Lady's Dressing Room.'" Montagu makes out Dr. S to be an
old lecher, blaming his whore for his impotence. Both
Swift's poem and Montagu's reply brilliantly juxtapose polite
refined poetic form with mean subject matter.
Swift's masterpiece in poetry may be "Verses on the Death
of Dr. Swift" (2513) which is a great meditation for any budding
poet to imitate. What will happen after you die? What
will people say? What should they say? Note how the
focus has shifted from the medieval afterlife of
spiritual journey to the 18th century afterlife of
continued gossip and slander.
left: Jonathan Swift [cartooned by Dr G]. 18th century
fashion exposed the vanity and artifice of the wearer.
The Age of Irreverence
is the great age of British
and few seem to have been as disgusted in it as
Travels (book 3, excerpts)
is a send up of the Royal Society's useless experiments
and designs for language reform (recall Lesson 21). Swift's academics busy
themselves in isolation from one another, and from
everyone else, with impossible or pointless projects,
such as the extraction of light from cucumbers and the
creation of food from dung. The professors are beggars
dependent on charity since their work has no real value
to anybody but themselves. The broken sentence machine
(2534-2535) is the advanced high tech printing press no
longer requiring intelligent human input. Writing can be
produced through random generation of words without the
need for content. The linguistic project to eliminate
verbs and participles from the language (2535) is not
only an echo of Sprat's History but a criticism of
materialism. When nothing is left for us to say but but
nouns, we can describe the London gutter, the lady's
dressing room, or even the academy itself only as a
picture of things stripped of all purpose. We can't show
why anything is, nor where it came from nor where it is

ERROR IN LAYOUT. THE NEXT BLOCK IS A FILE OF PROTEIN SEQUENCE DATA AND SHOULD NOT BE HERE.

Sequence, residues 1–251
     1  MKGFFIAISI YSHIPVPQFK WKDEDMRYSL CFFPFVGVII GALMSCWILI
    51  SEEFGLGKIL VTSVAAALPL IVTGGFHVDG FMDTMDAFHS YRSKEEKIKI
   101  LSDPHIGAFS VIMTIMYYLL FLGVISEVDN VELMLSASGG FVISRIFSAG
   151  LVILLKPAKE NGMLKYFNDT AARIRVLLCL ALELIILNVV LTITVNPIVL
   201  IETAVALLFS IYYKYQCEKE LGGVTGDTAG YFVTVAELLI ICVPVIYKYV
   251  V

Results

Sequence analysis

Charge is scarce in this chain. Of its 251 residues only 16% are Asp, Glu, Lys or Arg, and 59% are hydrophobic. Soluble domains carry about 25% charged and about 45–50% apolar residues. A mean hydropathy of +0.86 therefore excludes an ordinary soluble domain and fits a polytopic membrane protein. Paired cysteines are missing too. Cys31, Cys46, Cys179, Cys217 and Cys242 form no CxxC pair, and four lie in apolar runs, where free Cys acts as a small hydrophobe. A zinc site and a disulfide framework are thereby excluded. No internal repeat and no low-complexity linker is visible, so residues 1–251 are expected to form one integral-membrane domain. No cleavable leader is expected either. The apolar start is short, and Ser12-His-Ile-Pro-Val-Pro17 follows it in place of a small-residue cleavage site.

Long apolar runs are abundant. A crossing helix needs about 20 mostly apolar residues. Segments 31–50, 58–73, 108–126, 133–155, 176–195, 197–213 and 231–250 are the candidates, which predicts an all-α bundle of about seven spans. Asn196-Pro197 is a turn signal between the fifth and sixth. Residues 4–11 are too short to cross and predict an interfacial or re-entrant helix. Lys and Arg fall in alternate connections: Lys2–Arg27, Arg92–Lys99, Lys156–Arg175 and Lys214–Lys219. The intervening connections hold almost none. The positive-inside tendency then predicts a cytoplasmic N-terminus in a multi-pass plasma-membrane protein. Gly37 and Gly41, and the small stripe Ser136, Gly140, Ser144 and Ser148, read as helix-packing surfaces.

going. Reason has gone missing.
Book 4 of Gulliver's Travels
provides the ideals of rationality against which Swift criticizes
English and European society. The ideal is manifested in
the society of the
Houyhnhnms, who have no words for
"the thing which is not" and who show no malice toward
one another since all are guided by a better or more
evolved reason than is to be found in mankind. Darwin's
discovery of evolution still lay more than 100 years in
the future, but it is hard to resist the application of
the theory to the species discovered by Gulliver,
especially the apelike Yahoos and fully evolved horses
of book 4.
With its pretentious language
and reasoning hypocrisy stripped away, humanity is imaged
physically in the
animal body of the Yahoo is more adapted for survival than
Gulliver's body: it can climb trees better, swim better,
claw better, better withstand cold. Gulliver has a
compensating ability to learn the Houyhnhnm language,
however, and this mutation makes him a prodigy among
Yahoos, from the Houyhnhnm point of view: he is
teachable. It is this little bit of reasoning in him,
however, that they understand poses a danger to their
race, so ultimately they exile him.
Though in a sense less sophisticated, Houyhnhnm language is superior to English in that it
cannot be used to deceive. Houyhnhnms know nothing of
war, lawyering, money, trade, medicine or hierarchical
order based on nobility of birth, and these are the
general objects of Swift's attack. Gulliver has
difficulty in explaining these aspects of European
society to a sentient being who is unfamiliar with lying
and unfriendliness. Reductionist aspects have made the
book a classic of children's literature, though its full
meaning is not childish. Among its many ironies, not the
least is the development of Gulliver's character through
the book from a simple outgoing adventurer to an
Gulliver's Travels Online by Lee Jaffe (includes texts, biographies,
Jonathan Swift at
A Tale of a Tub
from Oxford University.
Gulliver's Travels at Project Gutenberg.
Jonathan Swift at Victorianweb
Gulliver's Travels Page:
Illustrations for Gulliver's Travels
Letters of Lady Montague
(includes Tom Jones) at Bartleby.
Know of an
excellent website that would wonderfully complement this lesson? Please send it to Dr. G.